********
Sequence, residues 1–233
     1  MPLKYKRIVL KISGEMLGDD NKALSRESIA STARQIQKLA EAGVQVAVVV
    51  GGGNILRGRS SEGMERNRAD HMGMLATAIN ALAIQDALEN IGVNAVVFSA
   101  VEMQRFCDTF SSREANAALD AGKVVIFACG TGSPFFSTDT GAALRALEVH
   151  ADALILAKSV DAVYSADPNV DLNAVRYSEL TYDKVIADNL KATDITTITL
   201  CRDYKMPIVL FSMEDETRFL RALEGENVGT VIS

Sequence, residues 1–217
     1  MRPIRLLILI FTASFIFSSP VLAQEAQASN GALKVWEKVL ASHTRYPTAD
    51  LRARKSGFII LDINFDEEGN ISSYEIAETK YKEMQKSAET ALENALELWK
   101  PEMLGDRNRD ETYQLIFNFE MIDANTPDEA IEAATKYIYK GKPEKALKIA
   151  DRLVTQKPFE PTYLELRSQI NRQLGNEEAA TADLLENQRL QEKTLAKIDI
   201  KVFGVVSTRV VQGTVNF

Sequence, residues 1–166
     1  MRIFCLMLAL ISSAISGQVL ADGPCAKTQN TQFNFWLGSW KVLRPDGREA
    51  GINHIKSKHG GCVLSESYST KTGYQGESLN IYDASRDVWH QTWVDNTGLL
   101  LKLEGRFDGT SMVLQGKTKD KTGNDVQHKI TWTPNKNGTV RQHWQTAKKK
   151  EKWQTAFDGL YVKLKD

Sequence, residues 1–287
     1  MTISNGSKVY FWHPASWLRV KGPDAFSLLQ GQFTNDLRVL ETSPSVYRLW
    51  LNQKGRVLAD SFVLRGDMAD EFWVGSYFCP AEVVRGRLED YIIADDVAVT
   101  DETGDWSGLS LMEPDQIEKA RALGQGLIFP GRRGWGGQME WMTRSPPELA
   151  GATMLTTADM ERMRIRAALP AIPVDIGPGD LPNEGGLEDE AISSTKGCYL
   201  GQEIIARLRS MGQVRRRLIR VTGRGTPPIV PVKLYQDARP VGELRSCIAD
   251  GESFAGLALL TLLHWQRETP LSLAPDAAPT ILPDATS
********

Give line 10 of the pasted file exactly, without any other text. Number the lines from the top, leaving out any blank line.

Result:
   101  PEMLGDRNRD ETYQLIFNFE MIDANTPDEA IEAATKYIYK GKPEKALKIA